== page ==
If you choose not to submit the commencement notice, fines or imprisonment may be actions taken. It’s not worth the trouble that you can get into, so do not do the work unless everything is complete and done as required up to this point.

During this stage of construction, drawings and specifications must be kept up to date with any revisions uploaded to Building Control Management. There is also a required weekly review of program and inspection plan. There can be consequences related to delays for both client and builder. In addition, all inspections must be done by appropriate individuals.

The responsibility for compliance falls on the building owners, any developers and builders, as well as designers.

Owner Requirements:

  • Exercise diligence in selecting assigned certifier, builder, and designer, including ensuring qualifications and experience requirements are met.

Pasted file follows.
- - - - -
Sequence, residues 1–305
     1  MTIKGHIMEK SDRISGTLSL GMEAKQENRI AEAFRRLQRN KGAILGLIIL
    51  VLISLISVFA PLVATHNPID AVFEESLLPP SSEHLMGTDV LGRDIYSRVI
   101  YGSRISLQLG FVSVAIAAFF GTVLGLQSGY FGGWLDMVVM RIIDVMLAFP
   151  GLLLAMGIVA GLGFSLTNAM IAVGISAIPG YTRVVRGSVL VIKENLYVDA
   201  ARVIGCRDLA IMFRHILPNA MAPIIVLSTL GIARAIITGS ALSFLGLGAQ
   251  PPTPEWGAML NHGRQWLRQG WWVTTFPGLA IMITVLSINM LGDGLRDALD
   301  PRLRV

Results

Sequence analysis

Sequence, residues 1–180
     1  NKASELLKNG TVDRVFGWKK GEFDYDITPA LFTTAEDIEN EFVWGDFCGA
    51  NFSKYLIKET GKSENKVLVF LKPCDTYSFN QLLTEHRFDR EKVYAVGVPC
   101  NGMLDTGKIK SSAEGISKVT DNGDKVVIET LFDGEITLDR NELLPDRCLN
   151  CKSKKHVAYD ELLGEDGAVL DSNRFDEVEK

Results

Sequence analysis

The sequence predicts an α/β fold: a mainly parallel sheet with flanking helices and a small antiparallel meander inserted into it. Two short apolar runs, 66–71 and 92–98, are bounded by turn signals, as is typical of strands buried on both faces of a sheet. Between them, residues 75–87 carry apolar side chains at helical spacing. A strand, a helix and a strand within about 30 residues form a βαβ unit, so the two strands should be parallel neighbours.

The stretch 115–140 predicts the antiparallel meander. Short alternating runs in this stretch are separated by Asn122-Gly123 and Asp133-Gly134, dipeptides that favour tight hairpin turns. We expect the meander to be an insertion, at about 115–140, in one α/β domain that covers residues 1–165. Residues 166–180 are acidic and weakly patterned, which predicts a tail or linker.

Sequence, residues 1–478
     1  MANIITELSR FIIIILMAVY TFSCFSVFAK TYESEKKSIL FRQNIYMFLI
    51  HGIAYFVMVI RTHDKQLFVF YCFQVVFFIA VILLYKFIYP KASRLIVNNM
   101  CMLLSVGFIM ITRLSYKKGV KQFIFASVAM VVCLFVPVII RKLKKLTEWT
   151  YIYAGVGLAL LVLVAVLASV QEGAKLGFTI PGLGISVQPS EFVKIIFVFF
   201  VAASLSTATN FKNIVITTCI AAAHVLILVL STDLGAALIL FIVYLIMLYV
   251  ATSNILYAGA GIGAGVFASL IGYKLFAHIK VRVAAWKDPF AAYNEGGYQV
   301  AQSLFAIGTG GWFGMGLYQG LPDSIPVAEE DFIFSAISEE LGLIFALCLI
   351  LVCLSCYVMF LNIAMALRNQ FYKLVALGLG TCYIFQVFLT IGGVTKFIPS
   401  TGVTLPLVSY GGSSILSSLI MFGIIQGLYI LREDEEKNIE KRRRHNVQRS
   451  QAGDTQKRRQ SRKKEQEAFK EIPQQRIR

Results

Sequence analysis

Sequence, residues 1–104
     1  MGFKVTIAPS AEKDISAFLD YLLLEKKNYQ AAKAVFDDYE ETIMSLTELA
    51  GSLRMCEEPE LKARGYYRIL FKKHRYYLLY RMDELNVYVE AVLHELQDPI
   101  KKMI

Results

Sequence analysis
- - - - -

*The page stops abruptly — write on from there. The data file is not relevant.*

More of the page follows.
• Must allow an adequate time frame and budget to enable certifiers to work independently.
  • Submission of any required notices, including change of the assigned certifier or builder, within 14 days.
  • Smaller clients are reliant on local builders and designers.
  • The client has required checklists for contractors and professionals showing selection process, and compliance is rigorous.

Assigned Certifier Requirements:

  • Must oversee inspection process and critical records while construction occurs.
  • Provide preliminary inspection plan, including INF.
  • General arrangement drawing and detailed schedule.
  • Test and certificates schedule.
  • Inspection documents and records.